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Take Inventory - Then Build A Trading System.

Posted by Pete Stolcers on June 16, 2006

In today’s option trading blog I want relect back on my first days as a pro. I remember sitting in front of the screen and wondering – now what? Where do I start?

Successful traders have a systematic decision-making approach that they have refined. They follow the same steps time after time. Some have quantitative earnings models that end with a physical tour of the company. Others have software programs that identify pricing relationships and disparities. Others might have technical analysis filters that target inflection points. The list is endless, but ultimately, they all have a system. A standardized routine with a well defined beginning, middle and end exists.

Before you start your quest, take inventory and identify your trading style and expertise. Look closely at your successes and failures. What characteristics are common to all of the good trades? How about the bad trades? This process will help you recognize situations to seek and avoid. A trade log can help you with this step. At very least look at an end-of-month statement and try to recreate the scene. Once you “know” yourself the path will become clearer a sense of direction will result. You will be able to identify the required tools. Some may exist, some may need to be built. Here’s an example.

Two traders have “taken inventory” and both have expertise in the pharmaceutical industry. One trader may be very risk adverse and he develops a program that tracks the correlation of drug stocks and it identifies spread divergences. He executes his system by being long one stock and short the other. This is known as “pairs” trading. The other trader may be a risk taker with keen analytical skills. He develops a resource of medical journals that review recent breakthroughs. His tactic is to find biotech companies that could make it big. He scales into positions and knows that for every three that don’t work out, one goes up ten fold.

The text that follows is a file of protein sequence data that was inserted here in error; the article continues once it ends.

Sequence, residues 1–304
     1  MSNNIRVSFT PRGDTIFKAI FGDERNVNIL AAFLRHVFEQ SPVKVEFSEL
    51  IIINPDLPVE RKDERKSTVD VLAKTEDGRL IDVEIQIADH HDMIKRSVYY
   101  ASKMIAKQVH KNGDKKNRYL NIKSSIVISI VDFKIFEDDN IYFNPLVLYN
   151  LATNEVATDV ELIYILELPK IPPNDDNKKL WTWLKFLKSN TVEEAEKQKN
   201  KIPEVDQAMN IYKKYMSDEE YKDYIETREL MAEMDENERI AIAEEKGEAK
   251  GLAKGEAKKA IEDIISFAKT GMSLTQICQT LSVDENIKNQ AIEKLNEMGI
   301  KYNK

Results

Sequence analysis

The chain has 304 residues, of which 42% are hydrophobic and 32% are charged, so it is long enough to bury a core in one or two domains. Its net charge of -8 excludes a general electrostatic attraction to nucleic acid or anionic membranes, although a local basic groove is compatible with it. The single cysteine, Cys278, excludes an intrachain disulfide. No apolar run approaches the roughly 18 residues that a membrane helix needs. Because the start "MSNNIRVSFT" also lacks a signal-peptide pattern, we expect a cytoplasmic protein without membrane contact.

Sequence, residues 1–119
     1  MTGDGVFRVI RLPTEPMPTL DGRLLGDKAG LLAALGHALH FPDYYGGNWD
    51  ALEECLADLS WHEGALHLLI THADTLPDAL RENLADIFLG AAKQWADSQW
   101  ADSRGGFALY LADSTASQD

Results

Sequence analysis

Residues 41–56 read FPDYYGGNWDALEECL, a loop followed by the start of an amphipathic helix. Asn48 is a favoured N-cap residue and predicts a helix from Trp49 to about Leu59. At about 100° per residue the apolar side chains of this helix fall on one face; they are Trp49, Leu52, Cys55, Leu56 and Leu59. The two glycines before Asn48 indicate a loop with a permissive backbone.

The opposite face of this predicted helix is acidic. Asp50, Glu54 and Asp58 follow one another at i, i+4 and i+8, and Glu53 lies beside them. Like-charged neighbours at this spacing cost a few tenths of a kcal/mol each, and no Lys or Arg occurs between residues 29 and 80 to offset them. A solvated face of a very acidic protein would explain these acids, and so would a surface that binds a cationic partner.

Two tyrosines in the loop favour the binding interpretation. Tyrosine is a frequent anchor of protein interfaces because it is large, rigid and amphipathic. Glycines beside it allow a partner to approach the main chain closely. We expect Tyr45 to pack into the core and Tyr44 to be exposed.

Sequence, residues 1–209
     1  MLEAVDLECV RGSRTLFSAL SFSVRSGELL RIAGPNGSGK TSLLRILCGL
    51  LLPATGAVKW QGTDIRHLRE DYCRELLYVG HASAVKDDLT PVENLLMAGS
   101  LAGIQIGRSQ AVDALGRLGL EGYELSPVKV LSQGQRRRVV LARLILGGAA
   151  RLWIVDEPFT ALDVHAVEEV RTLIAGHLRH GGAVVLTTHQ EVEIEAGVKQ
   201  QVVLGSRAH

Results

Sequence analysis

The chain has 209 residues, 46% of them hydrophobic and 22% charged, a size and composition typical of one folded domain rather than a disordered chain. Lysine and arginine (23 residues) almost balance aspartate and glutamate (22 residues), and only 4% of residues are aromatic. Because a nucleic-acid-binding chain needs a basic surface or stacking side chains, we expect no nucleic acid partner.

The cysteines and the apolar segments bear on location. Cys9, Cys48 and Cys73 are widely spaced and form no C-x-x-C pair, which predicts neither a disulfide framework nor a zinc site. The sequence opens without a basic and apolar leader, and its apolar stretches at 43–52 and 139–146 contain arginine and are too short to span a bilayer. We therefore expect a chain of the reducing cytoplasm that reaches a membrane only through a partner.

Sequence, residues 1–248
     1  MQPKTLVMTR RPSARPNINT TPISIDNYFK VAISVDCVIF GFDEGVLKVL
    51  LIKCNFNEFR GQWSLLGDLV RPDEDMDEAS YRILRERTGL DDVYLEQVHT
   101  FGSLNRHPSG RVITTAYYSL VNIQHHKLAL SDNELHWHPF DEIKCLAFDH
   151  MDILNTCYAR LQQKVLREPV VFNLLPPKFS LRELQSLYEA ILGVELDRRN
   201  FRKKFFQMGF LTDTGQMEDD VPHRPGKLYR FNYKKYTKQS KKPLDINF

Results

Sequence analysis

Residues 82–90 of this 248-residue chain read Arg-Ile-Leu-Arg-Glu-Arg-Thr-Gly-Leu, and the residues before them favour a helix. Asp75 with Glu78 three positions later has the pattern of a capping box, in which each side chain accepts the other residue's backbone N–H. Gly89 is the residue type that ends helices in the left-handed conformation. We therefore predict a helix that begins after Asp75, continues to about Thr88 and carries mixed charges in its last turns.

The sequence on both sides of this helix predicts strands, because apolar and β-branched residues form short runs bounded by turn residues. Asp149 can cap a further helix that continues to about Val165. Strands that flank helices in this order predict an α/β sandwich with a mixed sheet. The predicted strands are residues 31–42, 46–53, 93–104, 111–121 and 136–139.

Here, two individuals have similar backgrounds and each develops a very different system. The point is, go with what you know and consider your strengths and tendencies. Determine your trading style before you take the first step.

This process could take days or years. The more systems and styles you have been exposed to, the better. The more “experimenting” you have done with real money, the better. Risk tolerance and trading style can only result from experience.

There are search, news and charting tools that can fit into your system and you don’t have to reinvent the wheel. However, don’t be drawn in by “black box” solutions that have all the answers. They don’t exist.

It is possible that you can identify with an existing system that someone else has devised, but it is rare. Take my system for instance. It works very well for me but I know what makes it tick. Amongst other things, it filters out bad set-ups that I have been tempted by in the past and it takes advantage of my chart reading skills. I’ll be the first to tell you, it’s not easy. For that matter, trading is not easy.

If you are trying to build a system or you have one that works for you, please share your experience.

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Option Trading Comments

  • On 05/03, Bill K said:

    I been selling puts on OTM options using excellent stocks that have been beaten down.
    They must have good sales margin must have positive earning reports with positive surprises far out numbering miss’s for the last three years but five is even better.
    It has been working but I also believe that we are in a unique market now. Do you think this will work in a normal or bull market in a bear market, it seams it would be risky am I reading this right. Let me state up front that i am a beginner and use mostly fundamentals and sell puts only on stocks I would buy and at prices I think are reasonable but then I might be reading these company’s wrong and if they have a wreck I could be a casualty.
    all comments are appreciated

  • On 05/07, Pete Stolcers said:

    Your approach is very sound, but since October 08, this has been the best period EVER for the strategy. Implied volatilities were at all time highs and if you picked solid companies, you did very well.

    The strategy works best in bull markets or flat markets that have found support after a decline. It does not work well when the market is falling. That’s why it is important to sell put credit spreads below a support level. That way you have a chance to see if the demand for the shares is still there. If support is broken, you have to buy back the spread and move on.

    Congratulations on your trades.

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